Happy people live longer

We already know lots and

lots and lots and lots and lots and lots and lots and lots and lots

and lots and lots and lots and lots and lots about happiness.

Happy people don’t just enjoy life; they’re likely to live longer, too. A new study has found that those in better moods were 35% less likely to die in the next 5 years when taking their life situations into account.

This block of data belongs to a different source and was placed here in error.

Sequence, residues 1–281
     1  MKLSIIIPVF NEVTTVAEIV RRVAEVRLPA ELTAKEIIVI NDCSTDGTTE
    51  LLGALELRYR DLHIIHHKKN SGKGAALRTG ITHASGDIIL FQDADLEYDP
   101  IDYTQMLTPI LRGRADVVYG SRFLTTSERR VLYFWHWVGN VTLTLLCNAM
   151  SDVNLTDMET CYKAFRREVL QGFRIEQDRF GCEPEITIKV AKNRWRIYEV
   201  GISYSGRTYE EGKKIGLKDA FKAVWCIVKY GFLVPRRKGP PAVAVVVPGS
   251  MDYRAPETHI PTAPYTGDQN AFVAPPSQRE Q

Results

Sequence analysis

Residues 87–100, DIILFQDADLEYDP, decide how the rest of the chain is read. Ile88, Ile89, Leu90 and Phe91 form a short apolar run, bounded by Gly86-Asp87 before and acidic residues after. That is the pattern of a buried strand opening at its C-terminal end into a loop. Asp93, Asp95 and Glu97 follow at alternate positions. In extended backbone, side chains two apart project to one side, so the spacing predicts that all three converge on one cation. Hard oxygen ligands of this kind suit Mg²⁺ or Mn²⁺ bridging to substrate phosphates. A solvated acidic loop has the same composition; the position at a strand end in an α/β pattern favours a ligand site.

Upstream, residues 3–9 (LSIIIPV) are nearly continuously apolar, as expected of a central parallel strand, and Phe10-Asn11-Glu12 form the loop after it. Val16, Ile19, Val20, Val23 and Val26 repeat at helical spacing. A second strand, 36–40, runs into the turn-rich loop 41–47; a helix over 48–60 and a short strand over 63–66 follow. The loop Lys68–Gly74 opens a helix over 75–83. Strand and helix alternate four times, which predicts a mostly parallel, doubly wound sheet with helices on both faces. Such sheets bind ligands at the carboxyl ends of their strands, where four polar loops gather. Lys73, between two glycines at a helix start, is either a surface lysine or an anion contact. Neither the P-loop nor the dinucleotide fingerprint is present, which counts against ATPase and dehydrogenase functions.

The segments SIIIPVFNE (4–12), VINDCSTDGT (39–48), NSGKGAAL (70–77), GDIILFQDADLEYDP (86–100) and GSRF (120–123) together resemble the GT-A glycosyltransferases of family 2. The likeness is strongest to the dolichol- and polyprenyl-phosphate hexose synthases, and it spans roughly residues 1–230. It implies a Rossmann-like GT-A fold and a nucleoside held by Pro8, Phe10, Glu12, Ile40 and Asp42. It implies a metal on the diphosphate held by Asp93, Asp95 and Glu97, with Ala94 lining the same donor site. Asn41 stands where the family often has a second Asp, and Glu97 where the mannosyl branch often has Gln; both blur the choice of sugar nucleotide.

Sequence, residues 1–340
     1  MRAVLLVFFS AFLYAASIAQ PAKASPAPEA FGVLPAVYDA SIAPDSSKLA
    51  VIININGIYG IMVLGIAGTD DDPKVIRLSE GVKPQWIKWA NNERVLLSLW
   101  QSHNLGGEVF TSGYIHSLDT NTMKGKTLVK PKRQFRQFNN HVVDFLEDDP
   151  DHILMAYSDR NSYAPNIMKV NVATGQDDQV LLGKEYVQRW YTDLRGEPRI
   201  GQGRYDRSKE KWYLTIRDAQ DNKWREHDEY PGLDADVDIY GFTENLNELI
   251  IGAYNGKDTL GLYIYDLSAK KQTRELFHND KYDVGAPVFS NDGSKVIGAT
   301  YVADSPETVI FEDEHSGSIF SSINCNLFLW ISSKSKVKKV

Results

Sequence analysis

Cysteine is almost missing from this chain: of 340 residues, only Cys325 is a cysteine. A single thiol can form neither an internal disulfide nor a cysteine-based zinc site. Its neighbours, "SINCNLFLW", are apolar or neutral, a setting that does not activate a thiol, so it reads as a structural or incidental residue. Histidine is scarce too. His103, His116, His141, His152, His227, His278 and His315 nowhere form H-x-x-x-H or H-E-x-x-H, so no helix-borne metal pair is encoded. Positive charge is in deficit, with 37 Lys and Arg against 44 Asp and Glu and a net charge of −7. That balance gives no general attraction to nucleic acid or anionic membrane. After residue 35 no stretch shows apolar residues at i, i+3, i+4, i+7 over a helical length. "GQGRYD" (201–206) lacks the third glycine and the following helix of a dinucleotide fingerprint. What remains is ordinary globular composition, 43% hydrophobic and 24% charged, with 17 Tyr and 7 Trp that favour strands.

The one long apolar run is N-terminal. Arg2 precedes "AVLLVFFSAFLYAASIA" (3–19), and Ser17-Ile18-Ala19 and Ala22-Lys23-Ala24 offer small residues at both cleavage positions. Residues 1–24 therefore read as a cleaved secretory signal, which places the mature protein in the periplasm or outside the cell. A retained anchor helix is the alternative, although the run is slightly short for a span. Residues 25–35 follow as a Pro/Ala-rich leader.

In the study of the 924 people who reported the least positive feelings, 7.3%, or 67, died within 5 years. For people with the most positive feelings, the rate fell in half, to 3.6%, or 50 of 1399 people. Of course, it’s possible that people who died sooner weren’t as chipper because they were deathly ill or because of any number of other factors that affect both mortality and mood. The researchers adjusted for age, sex, demographic factors such as wealth and education, signs of depression, health (including whether they’d been diagnosed with major diseases), and health behaviors such as smoking and physical activity. Even with those adjustments, the risk of dying in the next 5 years was still 35% lower for the happiest people. Learn more here.



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